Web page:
Parole Review for All
We are making available a number of brief statements written by individuals
serving Life Without Parole sentences in Massachusetts. Here's one story...


In the winter of 1993, I and several kids from the neighborhood went to a house party. Later that evening, two well-dressed individuals came through also looking to have a good evening. I made the comment that one of the individuals had on a nice chain. Next thing you know, others are making the same comment. As night turned to day, and the party was letting out, I was approached with the statement, "Was I ready to rob these two individuals?" And, in that moment, I was faced with the decision as to whether or not to participate in something that was going to affect me for the rest of my life. I chose not to participate. But my friends went forward, and in that course, two men lost their lives.

I was arrested and charged for two accounts of murder in the first, two accounts of armed robbery, and one account of possession of a firearm. At that time, I was lost and confused as to what had transpired. When the judge found me guilty of the murders and the robbery, but not of the gun, I didn't know what to think. I was sentence to life without parole. I was only four months past my eighteenth birthday.

I used to feel angry about how life seemed to be against me. I used that anger to build a wall around me. Then, through the loss of others close to me, that wall of anger was chipped away. And through the cracks, fragments of light began to warm me to a better understanding of what it means to empathize for others, as well as to live for myself. I began to understand and accept that my actions caused a hurt and pain that no one should have to go through.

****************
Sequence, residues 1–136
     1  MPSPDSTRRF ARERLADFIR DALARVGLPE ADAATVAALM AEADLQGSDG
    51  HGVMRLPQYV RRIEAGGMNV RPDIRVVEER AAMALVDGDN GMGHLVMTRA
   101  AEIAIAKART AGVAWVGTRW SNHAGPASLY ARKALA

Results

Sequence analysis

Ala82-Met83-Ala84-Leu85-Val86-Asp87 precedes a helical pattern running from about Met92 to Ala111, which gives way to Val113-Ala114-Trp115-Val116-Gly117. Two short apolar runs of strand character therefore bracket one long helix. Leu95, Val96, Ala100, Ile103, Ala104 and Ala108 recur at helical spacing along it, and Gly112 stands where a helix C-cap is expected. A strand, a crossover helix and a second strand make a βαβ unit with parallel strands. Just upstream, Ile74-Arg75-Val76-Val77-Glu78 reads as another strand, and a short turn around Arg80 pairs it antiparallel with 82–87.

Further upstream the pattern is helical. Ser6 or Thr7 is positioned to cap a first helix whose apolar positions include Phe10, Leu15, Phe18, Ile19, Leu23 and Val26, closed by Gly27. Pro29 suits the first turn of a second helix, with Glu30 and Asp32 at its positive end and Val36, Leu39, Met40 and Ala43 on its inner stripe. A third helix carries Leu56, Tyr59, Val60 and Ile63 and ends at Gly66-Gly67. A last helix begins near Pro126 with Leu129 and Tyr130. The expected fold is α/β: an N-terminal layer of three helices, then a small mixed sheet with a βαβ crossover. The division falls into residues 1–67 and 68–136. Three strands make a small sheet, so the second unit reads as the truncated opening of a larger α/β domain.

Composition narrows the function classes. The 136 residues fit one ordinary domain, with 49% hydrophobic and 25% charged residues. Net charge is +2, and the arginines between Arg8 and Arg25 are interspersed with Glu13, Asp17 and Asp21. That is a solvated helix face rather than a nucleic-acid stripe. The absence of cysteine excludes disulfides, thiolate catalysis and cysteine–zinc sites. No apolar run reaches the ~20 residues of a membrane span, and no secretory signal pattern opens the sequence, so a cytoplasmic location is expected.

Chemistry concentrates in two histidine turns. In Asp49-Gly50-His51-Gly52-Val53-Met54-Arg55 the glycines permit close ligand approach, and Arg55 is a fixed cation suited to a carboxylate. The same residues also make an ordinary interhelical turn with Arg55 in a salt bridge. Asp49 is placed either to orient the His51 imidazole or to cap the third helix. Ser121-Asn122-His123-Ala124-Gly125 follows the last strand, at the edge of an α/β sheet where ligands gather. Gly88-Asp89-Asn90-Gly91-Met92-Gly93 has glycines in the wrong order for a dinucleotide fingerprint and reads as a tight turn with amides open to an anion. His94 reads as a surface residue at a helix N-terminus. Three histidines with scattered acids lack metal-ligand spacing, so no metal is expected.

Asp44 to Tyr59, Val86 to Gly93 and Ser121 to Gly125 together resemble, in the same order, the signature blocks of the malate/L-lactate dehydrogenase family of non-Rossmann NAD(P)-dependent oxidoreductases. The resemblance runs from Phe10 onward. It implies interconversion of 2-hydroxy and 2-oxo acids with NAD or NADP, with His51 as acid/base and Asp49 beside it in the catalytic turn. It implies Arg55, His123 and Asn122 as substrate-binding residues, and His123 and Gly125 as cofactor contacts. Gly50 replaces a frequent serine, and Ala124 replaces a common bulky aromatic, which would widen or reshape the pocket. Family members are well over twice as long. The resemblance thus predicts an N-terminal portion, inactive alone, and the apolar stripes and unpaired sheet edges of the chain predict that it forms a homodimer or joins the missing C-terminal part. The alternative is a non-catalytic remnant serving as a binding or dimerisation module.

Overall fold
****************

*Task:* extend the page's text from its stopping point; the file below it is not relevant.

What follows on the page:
My selfish ways of thinking no longer hold me to believe that my life is the only important thing in existence. We are all part of a whole and should be treated as such. It humbles me when I see myself not above others, but view myself as being equal to others, for it allows me to be me, and allows others to see things I'm willing to share. I would have never been able to come to this conclusion in my youth due to my lack of impatience. However, through many years of growth and development, I've learned that if patient, things will come into place through proper guidance. For example, there was a time when being judgmental of others was all that I did. I did not realize at the time that judgment was the very thing that had caused me to build the wall I once maintained because I felt that people were always judging me. So, I no longer allow my opinions about others to fill my thoughts.

One of the greatest gifts the universe has blessed me with is the family that I have. They have been there for me at my lowest of lows and highest of highs. So my focus has been on building myself up to be what is greatest for my family. And it is through this gift that I will also e able to have an effect on the community, if given the opportunity. The lack of positive influences I once had will o longer control my decision making. In the meantime, I use the influence I have around this prison to assist men and help them to involve themselves in the proper programs that will help them to better understand the reasons why their actions were not just of their own accord, but also the learned conditional behaviors around them. Some of the men who I work with were juveniles when they were sentenced to life in prison. These men never thought they would have a chance to go home. I remind them of the opportunity they have been given. I remind them that if I had gone to that house party 120 days earlier that I would have a chance to go home, but those four months are the difference between life without parole and life with hope. I tell these men that the line between success and failure, between life and death is just as thin when they get out.

If I could make society better by helping somebody to better understand their situation, then, I would be one step closer to making my community whole and would, therefore, leave something greater for the next generation to look forward to.

Sponsored by...
Criminal Justice Policy Coalition,